Study Hal: Week 40 – Calm Campus

Hal had to attend to some business in Ann Arbor, so he made the trip over the weekend! He hasn’t been on campus since last January. When he got there, he was shocked by how quiet it was… Maybe it’s the pandemic, maybe it’s because it was a cold Saturday morning in the midst finals season. Whatever the reason, the lack of activity took Hal by surprise.

It seems like a lot of little things have shifted over the past year. It makes sense that campus activity patterns would change like anything else. Still, Hal and I both look forward to the day when north campus, the diag, and the UMMA can be full of people again.

If this is your first time here, welcome! Hal is a graduating senior at U-M, and he’s been studying from home all year. We post updates on Tuesdays, but if you’re itching for more content, check out the backlog on the Study Hal tag!


Living life is art. This theme should be apparent from my ramblings about staring at walls, going to concerts, and having epiphanies. But some moments in life aren’t just moments, they’re events. When people ask me, as I sit crazily out of my mind as an old retired professor, what you were doing on November 6th, 2012 I will answer: holding my breath, and then I’ll proceed to pass out and die.

Let me preface this with the fact that I’m not one for American politics. Everything about it is problematic, semi-unchangeable, and over-hyped. I say this as I read critique on Foucault, drink heinous amounts of coffee, and listen to indie music my red skinny jeans thrive in—take my word as you may. Strictly speaking, I don’t actively support most of what Obama or Romney had to say but in a loose way I wholeheartedly supported Obama. I support the symbol he is for Americans. I support that he sees other humans as people with “rights,” people who deserve to be “equal.” I support him in that he actively supports people who don’t have millions of dollars or even jobs.

Moments before his reëlection (umlaut because I can) I looked at the top fifty pictures of the Obamas. My friend and I almost burst out into tears caused by their sheer cuteness and adorableness. When my President plays peek-a-boo with a child, my heart stops. I played a mental reel of all he did, all he promised, all he didn’t do, all the things he said he wouldn’t do, all the things that happened in these four years. And when the magnificent Rachel Maddow told us the great news, I realized this was an event I could celebrate.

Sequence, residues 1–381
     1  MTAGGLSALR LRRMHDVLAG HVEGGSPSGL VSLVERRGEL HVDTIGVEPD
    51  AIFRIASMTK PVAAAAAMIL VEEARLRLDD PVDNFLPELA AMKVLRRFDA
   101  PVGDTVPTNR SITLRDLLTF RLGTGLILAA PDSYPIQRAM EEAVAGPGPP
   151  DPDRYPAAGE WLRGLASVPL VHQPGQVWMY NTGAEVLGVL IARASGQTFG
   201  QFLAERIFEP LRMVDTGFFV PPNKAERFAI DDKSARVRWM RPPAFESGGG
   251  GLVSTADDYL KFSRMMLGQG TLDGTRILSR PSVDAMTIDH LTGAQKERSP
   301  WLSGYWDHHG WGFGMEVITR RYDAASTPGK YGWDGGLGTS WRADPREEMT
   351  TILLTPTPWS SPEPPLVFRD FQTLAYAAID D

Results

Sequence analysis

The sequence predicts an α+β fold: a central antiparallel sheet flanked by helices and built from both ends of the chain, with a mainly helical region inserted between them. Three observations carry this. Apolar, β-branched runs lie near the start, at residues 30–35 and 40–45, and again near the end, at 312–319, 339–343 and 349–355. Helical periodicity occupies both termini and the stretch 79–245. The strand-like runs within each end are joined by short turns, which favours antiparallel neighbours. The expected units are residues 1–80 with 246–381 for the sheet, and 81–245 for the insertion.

Grabbing my belongings and hopping on a bus (yes, visiting the friend on north campus) I tried picking a song that could fit this moment (I pick 212 by Azealia Banks for all of my moments, so this time was no different…), and I tried thinking beautiful thoughts to help commemorate it (feeling comfortable in not having to flee to Canada or protest everyday in the bitter cold)—all in all, I wanted to do cliché things. And thus I headed to the Diag.

And then I left the Diag.

And then I headed back to the Diag after finding friends.

This event, this moment of post-reëlection on the Diag was an event, it was art. I felt like I was a piece of metal, a stroke of a brush, a lone light bulb, and upside down urinal.

Let me explain.

No other space on campus has that many smiles. No other space on campus has that much racial “diversity”. No other space on campus has that many people simultaneously and spontaneously dancing. No other space on campus has that much, I have to say it, “hope”. No other space on campus has the feeling of that much accomplishment.  No other space on campus has ever heard the words “Obama” or “four more years” so much. No other space on campus was this space on campus.

When people ask what I did on November 6th, 2012 I won’t respond with: I went to class, I caught up with a friend, I waited in line for an hour, I drank coffee. I will say that I voted for Barack Obama who was then reëlected that same evening and that I had never felt as comfortable as I did in the four years that preceded it. That feeling I had, that was art.